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Carlos September Take 10 Volunteer Team

 Plastic Roof Project

Carlos and Sabina were halfway through their project period in Malawi when they suddenly had to return to their home countries (Spain and Romania) due to the corona reality. Still committed to continue the cooperation with their project partners, their work goes on.

The video at the bottom of the post is about creating a solution for the many preschools in and around Mzimba that have substandard roofs, by turning waste plastic bottles into roofing.

In the following, Carlos talks about another project he, Sabina and the Malawian team are working on.

 

Carlos about the Plastic Roof Project:

Even though we were forced to leave Malawi prematurely, Sabina and I are still supporting our projects in Mzimba (Malawi), from home. We have different kind of projects and this one is about sustainability.

Poor trash management

According to the statistics, Africa has not yet reached the plastic consumption rates of the ”developed world”. However, plastic does not only exist in statistics, and it is more than just a matter of numbers.

In Malawi, you can feel the impact of plastic and other waste because it is right there in front of your eyes. It is lying on the ground right on the streets of towns and cities, on the most beautiful beaches and resorts, or resting in huge piles in the outskirts of towns.

The difference between the waste in Malawi and the waste in more developed countries is made by the fact that, unlike these “civilized” countries that have advanced sanitation and recycling systems that can cope with the large production of plastic, in Malawi there is no such thing as sanitation systems.

And in a country where people do not have litter bins, they cannot have recycle bins and the option to send their waste somewhere to have it reused. Trash is either left out in the nature, taking thousands of years to decompose, or it’s burned, dangerously affecting the ozone layer.

Roofing is an ongoing challenge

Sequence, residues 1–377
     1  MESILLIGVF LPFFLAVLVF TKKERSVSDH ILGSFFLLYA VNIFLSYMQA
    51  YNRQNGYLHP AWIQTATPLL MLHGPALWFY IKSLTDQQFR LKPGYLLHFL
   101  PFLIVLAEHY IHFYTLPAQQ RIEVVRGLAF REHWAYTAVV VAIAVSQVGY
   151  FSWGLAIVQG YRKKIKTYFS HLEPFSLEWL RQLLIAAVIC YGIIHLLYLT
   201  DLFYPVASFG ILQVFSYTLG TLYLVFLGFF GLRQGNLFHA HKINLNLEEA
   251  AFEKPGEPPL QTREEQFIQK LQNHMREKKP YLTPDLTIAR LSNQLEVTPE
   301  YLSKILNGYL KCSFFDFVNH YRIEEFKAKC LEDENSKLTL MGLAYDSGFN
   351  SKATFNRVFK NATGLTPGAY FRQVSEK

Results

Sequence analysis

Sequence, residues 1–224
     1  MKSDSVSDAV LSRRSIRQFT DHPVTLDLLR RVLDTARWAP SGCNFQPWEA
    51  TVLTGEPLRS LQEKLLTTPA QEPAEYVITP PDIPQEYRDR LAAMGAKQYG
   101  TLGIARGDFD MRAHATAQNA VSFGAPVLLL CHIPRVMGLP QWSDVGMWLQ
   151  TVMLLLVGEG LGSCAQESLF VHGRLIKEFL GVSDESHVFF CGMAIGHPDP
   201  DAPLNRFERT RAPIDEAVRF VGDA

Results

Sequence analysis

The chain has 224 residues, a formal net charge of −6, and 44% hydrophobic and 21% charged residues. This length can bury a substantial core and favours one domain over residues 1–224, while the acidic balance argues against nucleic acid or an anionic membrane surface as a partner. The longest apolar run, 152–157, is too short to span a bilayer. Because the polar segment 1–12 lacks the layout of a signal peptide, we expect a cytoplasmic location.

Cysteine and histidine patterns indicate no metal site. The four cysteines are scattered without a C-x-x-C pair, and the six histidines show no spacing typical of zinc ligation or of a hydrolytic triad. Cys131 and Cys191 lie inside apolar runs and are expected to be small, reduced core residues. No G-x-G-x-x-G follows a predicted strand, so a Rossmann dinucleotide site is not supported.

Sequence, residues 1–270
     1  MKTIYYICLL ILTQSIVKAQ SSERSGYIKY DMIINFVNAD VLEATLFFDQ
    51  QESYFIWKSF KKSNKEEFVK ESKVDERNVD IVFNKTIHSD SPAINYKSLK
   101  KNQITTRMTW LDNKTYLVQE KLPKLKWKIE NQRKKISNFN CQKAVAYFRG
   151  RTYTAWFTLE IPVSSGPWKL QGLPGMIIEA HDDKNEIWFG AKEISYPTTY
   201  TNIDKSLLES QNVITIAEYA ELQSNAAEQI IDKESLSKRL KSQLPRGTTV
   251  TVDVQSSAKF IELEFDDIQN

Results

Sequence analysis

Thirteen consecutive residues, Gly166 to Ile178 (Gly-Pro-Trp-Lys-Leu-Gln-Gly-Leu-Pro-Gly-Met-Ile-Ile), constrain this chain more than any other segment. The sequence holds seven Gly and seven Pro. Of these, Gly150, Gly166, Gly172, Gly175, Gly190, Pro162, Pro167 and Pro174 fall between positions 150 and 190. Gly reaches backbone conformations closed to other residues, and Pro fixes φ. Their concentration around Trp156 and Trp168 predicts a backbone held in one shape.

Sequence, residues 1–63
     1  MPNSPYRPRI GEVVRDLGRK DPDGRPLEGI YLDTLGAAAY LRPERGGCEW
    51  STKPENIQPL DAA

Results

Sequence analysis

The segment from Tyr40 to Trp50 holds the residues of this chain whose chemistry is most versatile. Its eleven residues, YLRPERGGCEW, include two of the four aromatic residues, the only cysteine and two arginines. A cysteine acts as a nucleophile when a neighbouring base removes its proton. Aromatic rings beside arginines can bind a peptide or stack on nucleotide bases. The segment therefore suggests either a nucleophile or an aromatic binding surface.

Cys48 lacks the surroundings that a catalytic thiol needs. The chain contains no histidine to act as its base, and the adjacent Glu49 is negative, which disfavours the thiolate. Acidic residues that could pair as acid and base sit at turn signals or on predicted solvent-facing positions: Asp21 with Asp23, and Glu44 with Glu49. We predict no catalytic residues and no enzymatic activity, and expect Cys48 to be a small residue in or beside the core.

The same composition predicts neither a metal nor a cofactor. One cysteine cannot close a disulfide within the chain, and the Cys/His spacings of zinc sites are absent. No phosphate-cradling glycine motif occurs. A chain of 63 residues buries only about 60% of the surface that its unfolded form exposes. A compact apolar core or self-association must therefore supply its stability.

At the same time, from the first visits to the preschools, we understood that the biggest problem in constructions were the roofs. The only decent option people had for covering their houses and other buildings were using iron sheets, which were very expensive and not even that durable. People were constantly trying to come up with makeshift solutions such as hay with plastic sheets underneath.

In the rainy season, leaking roofs make it difficult to run the activities in the early childhood development centres – also known as the “preschools”. 

By the end of the first month of activity in Malawi, we came up with an idea that we thought could combine reusing plastic and building roofs, an idea which we are presenting in this video we made.

We wanted to do it together with the people in the communities, because they are the experienced ones and know how to best adapt such things to their climatic conditions, which they have been handling for years.

We are still a team 

However, we did not get to do it because of our sudden departure, and now the next step is to see how we can proceed with our team in Mzimba in order to develop the idea of using discarded bottles for roof sheets.

We will first conduct an experiment, to see how the time and weather affect the roof, before we embark on using it for larger surfaces.

Like we have said before: Our work in Malawi is not done yet. And we’re still a team, even if we are split between three countries for the time being, me in Spain, Sabina in Romania and Brewster and Sheriff in Malawi.

Take 10 Volunteer
Take 10 Volunteer

We wanted to do it together with the people in the communities, because they are the experienced ones and know how to best adapt such things to their climatic conditions, which they have been handling for years.

– Sabina, September 2019 Team

Take 10 Volunteer
Take 10 Volunteer
Take 10 Volunteer

Read more about "Tawonga Chomene" in Mzimba, Malawi

Sabina: Education is our main goal

Sabina: Education is our main goal

Sabina gave us her insights about her project period in Mzimba, Malawi where she and team mate Carlos worked on projects related to preschool and teacher training. Currently they support the projects from Europe.

Carlos: Our work isn’t done yet

Carlos: Our work isn’t done yet

The unfortunate development of the COVID-19 crisis forced Take 10 volunteers to pause their projects. We talked to Carlos about the project in Malawi where he worked.

September Team reflections

September Team reflections

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